The importance of electrical synapses for brain function has recently come into the limelight. Synaptic contacts of this type are formed between interneurons in several brain regions, prompting the suggestion that electrical coupling is a fundamental feature of local inhibitory circuits. But long before electrical synapses gained this notoriety, their existence in the retina had already captured the attention of many neuroscientists. Electrical synapses are formed between rod amacrine cells (the main output of rod bipolar cells) and cone bipolar cells of the ON pathway. Information from the rod pathway is fed to the cone pathway, partly through this electrical connection. But what is the precise role of electrical synapses in the early stages of visual processing? A recent study by Güldenagel et al. constitutes an important first step to answering this question.

Gap junctions, cellular specializations that bridge the cytoplasm of adjacent cells, are the main structural element of electrical synapses. Gap junctions are formed by a family of proteins called connexins. Only a few connexin types are expressed in the nervous system; in the retina, connexin36 (Cx36) is present in rod amacrine cells, where it forms gap junctions with a different connexin expressed by cone bipolar cells. Güldenagel et al. generated mice lacking Cx36, and explored the effect of this mutation on retinal structure and function. They found that the absence of Cx36 was not accompanied by anatomical abnormalities; all layers of the retina and its central projection seemed normal. In contrast, electroretinographic recordings showed that the so-called 'b-wave', which is related to depolarization of ON-type bipolar cells, was reduced in the mutant mice. Similarly, the latency of light-evoked field potentials recorded in the optic tectum was longer in mutant than in wild-type animals.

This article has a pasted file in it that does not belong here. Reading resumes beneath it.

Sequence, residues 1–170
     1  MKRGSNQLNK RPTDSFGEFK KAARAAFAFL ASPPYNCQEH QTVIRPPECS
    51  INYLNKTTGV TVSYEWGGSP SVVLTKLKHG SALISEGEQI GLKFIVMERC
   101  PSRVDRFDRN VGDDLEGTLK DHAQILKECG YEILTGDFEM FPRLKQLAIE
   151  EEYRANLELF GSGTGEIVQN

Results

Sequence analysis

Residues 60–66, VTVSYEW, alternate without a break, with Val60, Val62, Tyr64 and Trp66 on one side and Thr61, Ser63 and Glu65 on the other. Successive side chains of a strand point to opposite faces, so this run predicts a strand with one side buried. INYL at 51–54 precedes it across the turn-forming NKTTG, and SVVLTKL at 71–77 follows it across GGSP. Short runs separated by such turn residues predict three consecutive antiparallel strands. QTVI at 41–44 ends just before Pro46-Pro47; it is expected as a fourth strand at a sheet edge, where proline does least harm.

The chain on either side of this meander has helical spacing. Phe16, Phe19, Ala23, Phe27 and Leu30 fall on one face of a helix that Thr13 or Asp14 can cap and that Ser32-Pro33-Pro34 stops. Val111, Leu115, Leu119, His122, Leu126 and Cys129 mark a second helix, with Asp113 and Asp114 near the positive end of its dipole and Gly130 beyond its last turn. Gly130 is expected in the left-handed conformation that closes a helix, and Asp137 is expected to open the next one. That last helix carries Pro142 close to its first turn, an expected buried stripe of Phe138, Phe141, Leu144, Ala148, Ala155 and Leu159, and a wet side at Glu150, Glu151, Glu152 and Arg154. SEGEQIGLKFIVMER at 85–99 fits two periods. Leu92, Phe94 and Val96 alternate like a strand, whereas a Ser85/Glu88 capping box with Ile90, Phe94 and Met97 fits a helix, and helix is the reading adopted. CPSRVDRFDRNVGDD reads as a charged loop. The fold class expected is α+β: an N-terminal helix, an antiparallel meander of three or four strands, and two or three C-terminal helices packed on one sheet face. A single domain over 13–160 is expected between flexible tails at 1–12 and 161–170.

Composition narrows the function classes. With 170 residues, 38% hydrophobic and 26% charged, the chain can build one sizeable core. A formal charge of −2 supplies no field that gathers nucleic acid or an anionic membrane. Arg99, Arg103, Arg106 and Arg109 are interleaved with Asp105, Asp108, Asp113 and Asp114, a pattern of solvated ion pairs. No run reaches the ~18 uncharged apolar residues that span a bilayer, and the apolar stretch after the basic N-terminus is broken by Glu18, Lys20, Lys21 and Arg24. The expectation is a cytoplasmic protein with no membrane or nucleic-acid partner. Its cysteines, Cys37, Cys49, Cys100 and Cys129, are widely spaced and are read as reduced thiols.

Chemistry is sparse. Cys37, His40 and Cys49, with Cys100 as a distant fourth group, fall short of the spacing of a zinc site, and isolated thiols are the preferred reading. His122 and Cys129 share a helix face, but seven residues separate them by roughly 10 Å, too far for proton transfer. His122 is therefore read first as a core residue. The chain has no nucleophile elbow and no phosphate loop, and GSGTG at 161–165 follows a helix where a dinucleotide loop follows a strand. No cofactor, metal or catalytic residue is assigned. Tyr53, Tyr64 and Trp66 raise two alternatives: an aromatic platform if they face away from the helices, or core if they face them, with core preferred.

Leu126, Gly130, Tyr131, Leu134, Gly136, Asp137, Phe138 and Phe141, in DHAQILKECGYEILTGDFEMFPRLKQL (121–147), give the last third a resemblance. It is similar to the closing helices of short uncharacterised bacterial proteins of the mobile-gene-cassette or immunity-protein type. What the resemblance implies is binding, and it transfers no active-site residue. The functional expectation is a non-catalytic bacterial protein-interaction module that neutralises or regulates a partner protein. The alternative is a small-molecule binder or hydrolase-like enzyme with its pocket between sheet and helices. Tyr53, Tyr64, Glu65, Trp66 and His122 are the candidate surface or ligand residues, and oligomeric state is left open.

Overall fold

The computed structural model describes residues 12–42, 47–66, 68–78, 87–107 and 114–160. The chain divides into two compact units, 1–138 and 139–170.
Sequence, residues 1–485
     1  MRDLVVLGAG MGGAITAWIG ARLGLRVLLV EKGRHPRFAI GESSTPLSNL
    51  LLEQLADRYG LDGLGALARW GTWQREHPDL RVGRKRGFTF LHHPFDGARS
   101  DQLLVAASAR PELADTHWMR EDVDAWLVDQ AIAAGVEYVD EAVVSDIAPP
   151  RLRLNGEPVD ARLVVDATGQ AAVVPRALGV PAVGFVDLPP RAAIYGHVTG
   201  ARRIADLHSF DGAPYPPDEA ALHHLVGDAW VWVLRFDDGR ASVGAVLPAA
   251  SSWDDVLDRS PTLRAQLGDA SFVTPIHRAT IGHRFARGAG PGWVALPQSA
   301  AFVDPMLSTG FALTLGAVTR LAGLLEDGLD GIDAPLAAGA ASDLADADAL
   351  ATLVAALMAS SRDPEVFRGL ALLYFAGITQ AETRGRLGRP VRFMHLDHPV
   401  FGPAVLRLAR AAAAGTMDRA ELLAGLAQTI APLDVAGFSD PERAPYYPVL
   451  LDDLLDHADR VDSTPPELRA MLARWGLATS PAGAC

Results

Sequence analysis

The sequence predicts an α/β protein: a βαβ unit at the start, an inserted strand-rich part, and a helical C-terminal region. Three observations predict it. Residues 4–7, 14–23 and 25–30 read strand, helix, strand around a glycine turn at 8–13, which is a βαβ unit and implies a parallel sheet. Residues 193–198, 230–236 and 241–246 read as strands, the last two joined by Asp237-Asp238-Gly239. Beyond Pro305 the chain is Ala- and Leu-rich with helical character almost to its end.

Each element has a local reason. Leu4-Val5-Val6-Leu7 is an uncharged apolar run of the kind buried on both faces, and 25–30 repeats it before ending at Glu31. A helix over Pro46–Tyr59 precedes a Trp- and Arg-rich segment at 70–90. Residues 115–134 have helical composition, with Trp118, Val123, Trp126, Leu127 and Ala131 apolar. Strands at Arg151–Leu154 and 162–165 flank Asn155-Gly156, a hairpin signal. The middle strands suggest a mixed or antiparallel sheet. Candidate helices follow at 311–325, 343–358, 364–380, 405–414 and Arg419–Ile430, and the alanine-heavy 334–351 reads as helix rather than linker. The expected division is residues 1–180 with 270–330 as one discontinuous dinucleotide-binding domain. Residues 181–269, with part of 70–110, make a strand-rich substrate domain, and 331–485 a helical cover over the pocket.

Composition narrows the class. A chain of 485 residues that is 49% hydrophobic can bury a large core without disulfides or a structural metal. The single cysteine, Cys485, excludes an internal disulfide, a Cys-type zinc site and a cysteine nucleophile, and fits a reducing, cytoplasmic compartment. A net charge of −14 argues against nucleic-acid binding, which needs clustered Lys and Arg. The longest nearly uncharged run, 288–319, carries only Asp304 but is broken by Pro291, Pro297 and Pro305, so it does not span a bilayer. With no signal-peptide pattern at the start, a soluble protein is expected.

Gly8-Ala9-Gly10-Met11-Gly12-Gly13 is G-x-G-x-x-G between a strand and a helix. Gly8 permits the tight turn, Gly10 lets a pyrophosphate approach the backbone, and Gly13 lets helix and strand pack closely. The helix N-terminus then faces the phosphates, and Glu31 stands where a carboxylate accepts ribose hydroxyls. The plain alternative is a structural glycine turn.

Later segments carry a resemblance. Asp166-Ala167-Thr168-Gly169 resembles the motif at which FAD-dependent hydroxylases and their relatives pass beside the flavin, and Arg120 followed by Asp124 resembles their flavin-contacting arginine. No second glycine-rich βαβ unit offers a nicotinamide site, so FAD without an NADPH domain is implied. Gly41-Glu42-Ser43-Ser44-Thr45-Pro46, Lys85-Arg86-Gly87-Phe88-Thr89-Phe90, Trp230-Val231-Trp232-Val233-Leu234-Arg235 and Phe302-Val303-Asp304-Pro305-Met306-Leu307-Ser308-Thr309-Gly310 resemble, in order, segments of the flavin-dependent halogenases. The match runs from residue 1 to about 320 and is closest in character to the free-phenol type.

So gap junctions are important during early visual processing, as the absence of Cx36 impairs light perception. However, some loose ends must still be tied up. For example, the reduction of the b-wave was observed even if the rod pathway was saturated by light. Under these conditions, ON-type cone bipolar cells are solely driven by cones, and the influence of the rod amacrine cells should be irrelevant in both wild-type and mutant mice. Why, then, is the b-wave smaller under light saturation? A more detailed cellular analysis should give us the answer.